For example, one game we tried to make was about casting spells that took you to different places as different characters. Players needed to say four words in a row, where each individual word was significant. If the voice device misinterpreted you the game would do something totally unexpected and undesirable. When the game understood exactly what you were trying to say, it did feel like you were casting a magic spell. However, in our very preliminary exploratory prototype, there were too many fail states that by the time it worked it no longer felt magical: you only felt a sense of relief that it had worked at all. We’re confident that with some more effort, this could be made to work effectively, but it something that needs further design and technical exploration.

If a game stores state, then it is handy to use that to improve interpretation of player commands. That is, if you know you’re expecting a player to fly somewhere, then you can be listening for a city name, rather than a number or some other input. But if any command can happen at any time, it will be harder to work out what players are intending to do. One way to deal with these device miscomprehension issues is to lean into the theming and create a main character that is a broken AI. Unsurprisingly, not everyone in the world likes sci-fi AI stories. So instead of limiting games to a specific type of narrative stories, the key is to work out ways to limit errors that the voice device can make.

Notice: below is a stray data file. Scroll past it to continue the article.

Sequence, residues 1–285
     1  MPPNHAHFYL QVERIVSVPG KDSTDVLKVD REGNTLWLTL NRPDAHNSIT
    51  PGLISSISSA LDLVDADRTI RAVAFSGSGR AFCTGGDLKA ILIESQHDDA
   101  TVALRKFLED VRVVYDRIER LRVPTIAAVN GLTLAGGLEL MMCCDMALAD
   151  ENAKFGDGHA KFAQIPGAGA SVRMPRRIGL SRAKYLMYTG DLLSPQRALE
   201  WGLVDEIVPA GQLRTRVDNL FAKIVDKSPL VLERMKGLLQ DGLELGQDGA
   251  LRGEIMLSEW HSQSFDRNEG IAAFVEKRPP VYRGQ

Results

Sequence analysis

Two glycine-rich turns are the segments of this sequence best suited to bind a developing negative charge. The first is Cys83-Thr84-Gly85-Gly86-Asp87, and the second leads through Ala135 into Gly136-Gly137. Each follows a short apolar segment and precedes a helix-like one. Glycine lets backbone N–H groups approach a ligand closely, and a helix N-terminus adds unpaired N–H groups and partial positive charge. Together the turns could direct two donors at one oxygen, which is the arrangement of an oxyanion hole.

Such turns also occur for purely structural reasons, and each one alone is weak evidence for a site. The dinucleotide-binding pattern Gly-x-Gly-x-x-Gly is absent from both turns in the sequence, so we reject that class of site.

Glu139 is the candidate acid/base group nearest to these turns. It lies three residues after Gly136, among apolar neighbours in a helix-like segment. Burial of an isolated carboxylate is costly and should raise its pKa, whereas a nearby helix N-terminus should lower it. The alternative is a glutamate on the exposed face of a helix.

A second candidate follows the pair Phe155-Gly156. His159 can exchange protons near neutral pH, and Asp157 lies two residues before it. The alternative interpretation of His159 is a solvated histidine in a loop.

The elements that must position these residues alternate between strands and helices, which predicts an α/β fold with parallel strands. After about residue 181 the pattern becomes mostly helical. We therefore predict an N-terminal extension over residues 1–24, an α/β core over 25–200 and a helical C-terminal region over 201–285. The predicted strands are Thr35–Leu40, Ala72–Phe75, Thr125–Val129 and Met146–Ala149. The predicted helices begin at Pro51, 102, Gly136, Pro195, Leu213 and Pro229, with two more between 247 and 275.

Wildcard Voice Commands Rules of Thumb

  • Use easy to pronounce key words
  • Set up catch phrases that people have fun saying repeatedly and that a voice device can recognise easily
  • Use a minimal number of wildcard spots in sentences
  • Use game state to help device interpret what to expect

Fig 8. Heuristics for wildcard voice commands

And that ends our blog for this time. In our next and final entry we’ll discuss creating atmosphere, writing and will do a deep-dive into our chosen prototype, When in Rome.